- Picture quality can be great with either, but Blu-ray offers longer playing time, and has support from more movie studios, and more consumer electronics companies and PC makers. Blu-ray also has the stupider name, and Blu-ray players cost much more than HD DVD players.
- I like the idea that Blu-ray is supported by traditional enemies Panasonic and Sony (who were on opposite sides in the VHS vs. Betamax war), and Apple, HP and Dell.
- On the other hand, Microsoft and Intel are backing HD DVD.
- On the third hand, some movie studios and hardware makers are backing both formats, or neither format. Universal Studios is the only movie maker to support HD DVD exclusively.
- And on the fourth hand, Sony's super-popular new PlayStation 3 uses Blu-Ray, so lots of people will have Blu-ray movie players in their homes, even if they bought the PS3 primarily for games.
- And, it's also possible that both formats will disappear, to be replaced by some dark horse format, or by fast downloads.
Tuesday, December 26, 2006
Panasonic Blu-ray Hi-Def DVD player:
Resistance is futile
I generally don't buy first-gen products. I usually wait until the second generation, with lower prices, more choices and fewer bugs. I'm also wary about investing money in electronic formats that may not have staying power. I never owned a Betamax VCR or an Elcasette or MiniDisc audio recorder, but did buy a quadraphonic receiver, a bunch of LaserDiscs and a handful of DVD-Audio discs. I've also owned a Corvair and four Fiats, but no Edsel. My crystal ball is 70% right.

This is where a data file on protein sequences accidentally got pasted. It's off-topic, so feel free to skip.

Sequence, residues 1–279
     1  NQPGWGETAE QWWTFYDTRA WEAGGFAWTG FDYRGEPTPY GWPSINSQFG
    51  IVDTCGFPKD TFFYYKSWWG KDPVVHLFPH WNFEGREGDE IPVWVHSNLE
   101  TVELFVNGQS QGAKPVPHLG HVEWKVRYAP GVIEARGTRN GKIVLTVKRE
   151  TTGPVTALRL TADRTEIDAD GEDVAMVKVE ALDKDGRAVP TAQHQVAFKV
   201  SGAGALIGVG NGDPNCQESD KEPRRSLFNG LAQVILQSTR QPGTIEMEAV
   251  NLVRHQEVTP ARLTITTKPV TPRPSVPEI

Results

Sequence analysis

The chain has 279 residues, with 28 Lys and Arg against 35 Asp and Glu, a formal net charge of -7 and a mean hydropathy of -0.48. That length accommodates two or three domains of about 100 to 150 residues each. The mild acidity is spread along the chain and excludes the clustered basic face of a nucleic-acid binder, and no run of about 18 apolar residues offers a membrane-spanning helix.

The Hi-Def DVD scene is complicated and unsettled, with two competing and incompatible formats: Blu-ray and HD DVD.
I was prepared to let the dust settle, and wait until one format won before making the invstment.
That sensible/logical/cautious approach ended instantly, when I saw a movie being played on a Panasonic DMP-BD10. With the right movie and the right HDTV, this magnificent machine can show you the elusive hair on a pimple on the ass of a very small flea. The details and color were like Kodachrome, or a very clean window.
The remote control is sensible, 7.1 audio is absolutely outstanding, and Panasonic offered three freebie movies. The DMP-BD10 has the power of the Borg, and my resistance was futile. I paid the thousand bucks, and don't regret it. You can ask me again in three or four years. More info at the Panasonic website.